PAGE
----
The single molar was scanned in a dental model scanner (Rexcan DS2, Europac 3D, Crewe, UK) which has a trueness and precision of <10 μm. The STL file was imported into Meshlab ( meshlab.sourceforge.net/ ) and the pseudo inverse quadric curvature filter was applied using the default settings, to calculate the curvature at all vertices on the mesh. Next, the margin was selected by choosing all vertices with a curvature greater than 1.8 ( Fig. 2 ). The margin was then further subdivided manually into four regions representing the mesial, distal, buccal and lingual zones ( Fig. 2 ). These four margin sections were saved for use as the master templates.

The prepared tooth was placed in a Frasaco jaw model. Throughout the following experiments, a single experienced operator performed all the scans. In each case, a scan was made then reviewed in the software for holes, then every effort was made to rescan areas of poor quality. A single IOS (CEREC Omnicam, Sirona Dental, USA) was used throughout, following calibration as per the manufacturer guidelines. The scans performed were:

  • a)

    5 scans whilst holding the model by hand (allowing optimal viewing angles for the scanning wand), with all adjacent teeth in situ .

  • b)

    5 scans with the model mounted in a manikin head, with the opposing upper model also in position and all adjacent teeth in situ .

  • c)

    5 scans whilst holding the model by hand, with teeth 37, 34 and 35 removed to allow better access for the scanning wand.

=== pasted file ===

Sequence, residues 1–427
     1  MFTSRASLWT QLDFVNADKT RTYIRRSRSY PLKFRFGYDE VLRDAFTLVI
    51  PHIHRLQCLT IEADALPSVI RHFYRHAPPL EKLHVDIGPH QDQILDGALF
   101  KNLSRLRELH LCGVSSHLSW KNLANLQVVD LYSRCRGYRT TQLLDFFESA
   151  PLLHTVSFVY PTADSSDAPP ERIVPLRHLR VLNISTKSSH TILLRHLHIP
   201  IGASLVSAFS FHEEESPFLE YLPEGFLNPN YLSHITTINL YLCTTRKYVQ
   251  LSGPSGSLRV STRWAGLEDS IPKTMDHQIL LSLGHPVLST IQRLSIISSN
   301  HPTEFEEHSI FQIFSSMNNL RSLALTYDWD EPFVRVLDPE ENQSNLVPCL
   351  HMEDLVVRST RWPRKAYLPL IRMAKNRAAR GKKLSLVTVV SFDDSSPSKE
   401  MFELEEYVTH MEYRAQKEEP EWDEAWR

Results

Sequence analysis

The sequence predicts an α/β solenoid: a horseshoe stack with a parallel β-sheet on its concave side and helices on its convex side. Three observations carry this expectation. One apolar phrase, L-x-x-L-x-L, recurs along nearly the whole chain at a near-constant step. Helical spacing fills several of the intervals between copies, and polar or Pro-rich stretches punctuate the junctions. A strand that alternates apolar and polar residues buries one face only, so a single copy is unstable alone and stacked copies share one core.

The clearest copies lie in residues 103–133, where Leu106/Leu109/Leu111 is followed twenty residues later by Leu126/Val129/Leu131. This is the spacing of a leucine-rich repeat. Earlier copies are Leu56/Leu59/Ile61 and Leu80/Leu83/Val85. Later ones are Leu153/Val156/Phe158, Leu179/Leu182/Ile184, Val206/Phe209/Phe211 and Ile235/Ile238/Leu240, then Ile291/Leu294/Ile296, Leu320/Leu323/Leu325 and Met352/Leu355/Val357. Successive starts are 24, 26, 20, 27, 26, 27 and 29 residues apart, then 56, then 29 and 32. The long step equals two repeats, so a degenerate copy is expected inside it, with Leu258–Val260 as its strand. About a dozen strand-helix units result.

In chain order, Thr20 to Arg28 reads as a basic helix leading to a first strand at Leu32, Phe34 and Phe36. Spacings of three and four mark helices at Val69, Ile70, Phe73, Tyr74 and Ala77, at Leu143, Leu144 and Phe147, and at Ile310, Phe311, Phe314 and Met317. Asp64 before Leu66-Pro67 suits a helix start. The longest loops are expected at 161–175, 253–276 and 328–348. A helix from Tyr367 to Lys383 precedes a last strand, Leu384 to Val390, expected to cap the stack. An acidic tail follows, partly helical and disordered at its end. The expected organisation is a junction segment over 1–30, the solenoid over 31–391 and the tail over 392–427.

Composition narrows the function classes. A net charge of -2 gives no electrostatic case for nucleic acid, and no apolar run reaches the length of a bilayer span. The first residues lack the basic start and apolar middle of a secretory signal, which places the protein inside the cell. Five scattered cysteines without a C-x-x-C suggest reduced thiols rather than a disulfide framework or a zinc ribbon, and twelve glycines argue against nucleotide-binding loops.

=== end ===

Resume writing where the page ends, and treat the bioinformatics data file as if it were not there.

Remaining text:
• d)

    5 scans with the model in a manikin head, with teeth 37, 34 and 35 removed.

Next, the prepared tooth (36) was removed from the model and ten 0.1 mm metal shims were inserted in the socket. The tooth was replaced and screwed firm, causing it to sit 1 mm higher above the gingivae. The scanning protocol outlined above was repeated. Thus a total of 40 scans were taken, in groups of five, with each group representing a different combination of confounding factors; restricted range of movement in the oral cavity, presence of adjacent teeth and proximity of margin to the gingivae.

All scans were exported as STL files and the preparations were each aligned to the master preparation scan. Each mesh was subdivided to create a uniform triangle mesh with a mean edge length of between 15 and 17 μm. This process did not alter the topology, but ensured that all subsequent measurements would be evenly sampled. The curvature at each vertex was then calculated as before.

Next the margin sections (mesial, distal, buccal and lingual) were extracted from each scan by overlaying the master preparation margin sections and selecting all points on the test scan that lay within 100 μm of the master margin section. The mean curvature for each margin section was recorded. This method enabled precise identification of the correct margin, even in areas where scanning artefacts and smoothing precluded clear margin visibility ( Fig. 3 ).

Fig. 3
Aligning the IOS Scans to the Master Scan and Identifying the Margin Sections. Each IOS scan was aligned to the master preparation scan (top). The margin sections were then extracted by selecting all points lying within 100 μm of the master margin sections. A mesial section is shown (bottom left). This method ensured that an accurate and consistent margin was found, even in cases where scanning artefacts made clear margin identification difficult (such as the ‘bridge’ to the 35 shown bottom right).
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Jun 19, 2018 | Posted by in General Dentistry | Comments Off on Confounding factors affecting the marginal quality of an intra-oral scan